Note: This is a port of my twitter thread
At the end of October 2019, WhatsApp (owned by Facebook) sued NSO. The complaint covered multiple different legal attacks (including a reference to the CFAA) but the technical exhibits consolidated a lot of public technical information on NSO that I thought was worth digging into.
Two exhibits - a user manual and a contract with Ghana - reveal quite a bit on NSOs system design and thinking. Unless labeled otherwise, screenshots are from the user manual and not the contract.
First off, the user manual describes the different attack methods available in Pegasus, NSO’s primary tool. The user manual mentions multiple attack methods such as over the air zero click, phishing messages, attacks over GSM abusing fake BTS (Base Transceiver Station) and physical attacks using data cables.
A common problem when attacking Android devices is device fragmentation. For many remote exploits, the attackers will have to customize the exploit for each platform. Also, every Android phone has its own quirks and bugs the developers have to work around.
At the time, NSO specified up to 8 weeks to handle new target devices. I have a hard time believing this is the required timeframe, it’s likely a large buffer for HR reasons or because it takes time to acquire phones.
The tool itself has a laundry list of features. Like other mobile malware, Pegasus can silently activate the user’s microphone to listen in to passive communication.
Let’s skip ahead to the contract, which also contains technical information. Looking at the contract, at the time of this document, NSO did not know how to make their malware survive factory resets on iPhone, nor extract WhatsApp data from iPhones.
Last, their cellular (SS7) capabilities deserve their own thread by experts. Their SS7 capability list reads like they explicitly allow for cases where control messages are sent across operator networks.
A serious problem for any mobile malware is sending the information home when a network connection is not available. Also, unlike PC malware, the phone’s battery life is very sensitive to network communication, as is the user’s phone bill (for some countries).
What Pegasus does is typical, it buffers information until the phone is near a rapid network, such as Wifi. If the buffer fills up before that time, the malware will override old data.
Every good operator needs a way to hide communication traces. It’s not clear how many hops NSO feels are required but probably more than one.
Also, according to the contract, the client is responsible for their own operational security. The target may notice if the spying software ends up in their billing record.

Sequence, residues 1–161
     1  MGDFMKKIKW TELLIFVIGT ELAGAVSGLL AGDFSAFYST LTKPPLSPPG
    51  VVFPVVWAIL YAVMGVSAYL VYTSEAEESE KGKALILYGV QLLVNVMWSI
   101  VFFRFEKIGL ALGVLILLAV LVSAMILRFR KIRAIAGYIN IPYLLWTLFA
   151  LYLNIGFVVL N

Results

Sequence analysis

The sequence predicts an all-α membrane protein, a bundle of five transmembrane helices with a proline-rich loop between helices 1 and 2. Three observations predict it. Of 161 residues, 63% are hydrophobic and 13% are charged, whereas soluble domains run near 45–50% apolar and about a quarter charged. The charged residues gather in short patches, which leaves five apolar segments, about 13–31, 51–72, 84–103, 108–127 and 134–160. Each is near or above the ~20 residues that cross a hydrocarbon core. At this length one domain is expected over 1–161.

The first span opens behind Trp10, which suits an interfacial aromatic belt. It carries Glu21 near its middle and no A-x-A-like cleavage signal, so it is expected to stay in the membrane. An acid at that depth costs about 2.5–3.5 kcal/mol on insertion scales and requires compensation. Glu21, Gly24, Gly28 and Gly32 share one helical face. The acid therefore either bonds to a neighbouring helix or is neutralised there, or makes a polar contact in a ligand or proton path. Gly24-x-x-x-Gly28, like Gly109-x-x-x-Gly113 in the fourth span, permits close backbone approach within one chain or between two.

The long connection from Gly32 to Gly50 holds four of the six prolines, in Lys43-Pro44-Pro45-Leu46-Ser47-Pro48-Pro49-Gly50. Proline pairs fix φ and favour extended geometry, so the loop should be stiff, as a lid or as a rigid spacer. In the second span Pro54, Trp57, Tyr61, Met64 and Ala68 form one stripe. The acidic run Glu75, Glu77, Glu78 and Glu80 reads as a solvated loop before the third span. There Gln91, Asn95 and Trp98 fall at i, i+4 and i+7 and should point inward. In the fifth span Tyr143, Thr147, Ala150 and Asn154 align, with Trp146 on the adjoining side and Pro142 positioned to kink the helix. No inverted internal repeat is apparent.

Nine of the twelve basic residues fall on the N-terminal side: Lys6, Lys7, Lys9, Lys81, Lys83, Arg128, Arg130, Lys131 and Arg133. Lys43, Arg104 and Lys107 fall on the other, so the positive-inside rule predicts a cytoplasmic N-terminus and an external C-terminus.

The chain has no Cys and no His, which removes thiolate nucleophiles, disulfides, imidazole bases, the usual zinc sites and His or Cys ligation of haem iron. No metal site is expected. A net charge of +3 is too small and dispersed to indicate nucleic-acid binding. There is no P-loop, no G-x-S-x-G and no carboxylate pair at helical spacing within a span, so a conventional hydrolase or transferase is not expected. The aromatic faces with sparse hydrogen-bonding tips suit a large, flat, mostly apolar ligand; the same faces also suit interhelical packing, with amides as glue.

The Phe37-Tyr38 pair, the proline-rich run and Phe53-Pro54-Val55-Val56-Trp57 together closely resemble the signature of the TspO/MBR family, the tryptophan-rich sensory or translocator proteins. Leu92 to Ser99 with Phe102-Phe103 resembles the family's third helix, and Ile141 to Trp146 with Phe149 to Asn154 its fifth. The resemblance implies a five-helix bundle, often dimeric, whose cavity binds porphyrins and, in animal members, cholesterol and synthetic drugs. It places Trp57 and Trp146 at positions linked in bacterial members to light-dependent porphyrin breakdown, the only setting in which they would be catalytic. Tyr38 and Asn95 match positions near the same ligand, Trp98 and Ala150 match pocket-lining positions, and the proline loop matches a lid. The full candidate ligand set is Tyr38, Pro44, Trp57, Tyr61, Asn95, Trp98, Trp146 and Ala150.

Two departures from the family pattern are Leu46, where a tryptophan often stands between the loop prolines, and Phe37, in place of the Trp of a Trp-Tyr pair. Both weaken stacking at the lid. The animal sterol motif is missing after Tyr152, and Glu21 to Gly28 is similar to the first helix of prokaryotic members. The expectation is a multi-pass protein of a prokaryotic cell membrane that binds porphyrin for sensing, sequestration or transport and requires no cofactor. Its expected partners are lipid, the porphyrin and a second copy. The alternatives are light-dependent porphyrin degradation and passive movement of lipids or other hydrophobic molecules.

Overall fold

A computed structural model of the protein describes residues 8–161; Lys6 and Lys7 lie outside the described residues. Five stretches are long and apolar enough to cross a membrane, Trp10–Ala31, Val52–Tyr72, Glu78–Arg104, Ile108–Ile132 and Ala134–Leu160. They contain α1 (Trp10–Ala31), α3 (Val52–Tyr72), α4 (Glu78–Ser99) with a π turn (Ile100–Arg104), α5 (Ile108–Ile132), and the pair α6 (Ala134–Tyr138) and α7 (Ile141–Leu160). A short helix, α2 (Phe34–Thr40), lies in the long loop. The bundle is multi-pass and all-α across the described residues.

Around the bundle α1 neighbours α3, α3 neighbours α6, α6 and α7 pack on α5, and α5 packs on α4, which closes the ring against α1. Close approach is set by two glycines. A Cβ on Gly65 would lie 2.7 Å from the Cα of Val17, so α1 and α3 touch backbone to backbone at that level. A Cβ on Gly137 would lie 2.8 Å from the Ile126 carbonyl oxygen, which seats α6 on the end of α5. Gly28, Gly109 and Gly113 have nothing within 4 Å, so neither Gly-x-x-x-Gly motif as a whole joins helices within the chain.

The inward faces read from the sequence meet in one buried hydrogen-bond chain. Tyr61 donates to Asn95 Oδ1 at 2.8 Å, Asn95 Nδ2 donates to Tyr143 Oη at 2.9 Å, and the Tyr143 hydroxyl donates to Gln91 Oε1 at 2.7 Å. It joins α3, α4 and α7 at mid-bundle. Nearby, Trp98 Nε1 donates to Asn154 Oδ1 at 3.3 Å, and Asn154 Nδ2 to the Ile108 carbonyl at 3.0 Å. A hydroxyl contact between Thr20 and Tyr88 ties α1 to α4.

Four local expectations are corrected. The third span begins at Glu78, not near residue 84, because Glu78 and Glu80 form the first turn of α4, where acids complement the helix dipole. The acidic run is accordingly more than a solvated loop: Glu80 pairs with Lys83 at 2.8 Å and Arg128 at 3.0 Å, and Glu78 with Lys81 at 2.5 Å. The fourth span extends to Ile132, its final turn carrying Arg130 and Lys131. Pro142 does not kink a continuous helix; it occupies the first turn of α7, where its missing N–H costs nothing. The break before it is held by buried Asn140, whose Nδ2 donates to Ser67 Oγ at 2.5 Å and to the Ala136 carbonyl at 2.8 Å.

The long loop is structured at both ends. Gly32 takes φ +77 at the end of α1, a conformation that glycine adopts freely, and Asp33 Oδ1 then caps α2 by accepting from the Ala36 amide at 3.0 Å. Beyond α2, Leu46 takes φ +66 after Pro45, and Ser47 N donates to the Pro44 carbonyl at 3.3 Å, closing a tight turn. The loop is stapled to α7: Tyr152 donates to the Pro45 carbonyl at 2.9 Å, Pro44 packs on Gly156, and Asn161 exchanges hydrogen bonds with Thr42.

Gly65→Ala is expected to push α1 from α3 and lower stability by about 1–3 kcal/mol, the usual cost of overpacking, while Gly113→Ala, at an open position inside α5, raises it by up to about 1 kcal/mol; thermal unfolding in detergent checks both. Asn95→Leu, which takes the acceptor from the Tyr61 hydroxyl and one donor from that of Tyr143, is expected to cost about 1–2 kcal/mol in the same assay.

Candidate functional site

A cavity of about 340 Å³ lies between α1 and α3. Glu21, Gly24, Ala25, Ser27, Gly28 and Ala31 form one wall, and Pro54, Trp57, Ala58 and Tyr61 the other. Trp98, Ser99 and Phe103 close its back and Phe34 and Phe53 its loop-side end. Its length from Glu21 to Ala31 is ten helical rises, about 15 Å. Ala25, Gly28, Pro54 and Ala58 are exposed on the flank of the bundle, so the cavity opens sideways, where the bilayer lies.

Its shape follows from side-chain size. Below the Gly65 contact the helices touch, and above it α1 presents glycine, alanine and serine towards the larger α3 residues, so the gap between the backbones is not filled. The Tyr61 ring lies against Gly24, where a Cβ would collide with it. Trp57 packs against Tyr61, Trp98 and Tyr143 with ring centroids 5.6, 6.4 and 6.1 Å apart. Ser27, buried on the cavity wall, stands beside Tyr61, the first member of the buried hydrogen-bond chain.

I’m curious if NSO cares about android antivirus or they simply think to themselves: “whatever, they all suck”.
The difference between most malware and commercial offerings is typically the UI and backend. NSOs user manual shows that it offers more than just a typical RAT control panel but also many sophisticated intelligence queries such as geo-fencing alerts and alerts on targets meeting up with each other.
Like other enterprise software, NSO provides an installation manual. I’m not surprised NSO specifies every last bit of their install process. Because as is common in the enterprise world, what isn’t defined is left up to chance. I’m sure they have customers who would try to cheap out on internet access and have no redundancy, or run the servers somewhere with bad electrical routing - leaving themselves open to sily failures that may expose them to their targets.
These requirements also extend to Opsec. Reading the contract, governments are encouraged to hide their tracks even when spying inside their own nation.
Moving on to the contract, NSO seems to be prepared for the Israeli Ministry of Defence unilaterally removing their export license.
Along with technical restrictions on what countries you are allowed to target.
I noted I would focus on technical information, but at the end, I should just mention - 25 devices at 8 million dollars feels like a steal.
In this case, we see the contract specifies a total of 25 concurrent implants. From other sources, NSO supports two methods of operation. One, as specified in this contract, allows for X number of concurrent malware implants. Another is a magazine metaphor, you are provided with N attacks you can use as you wish.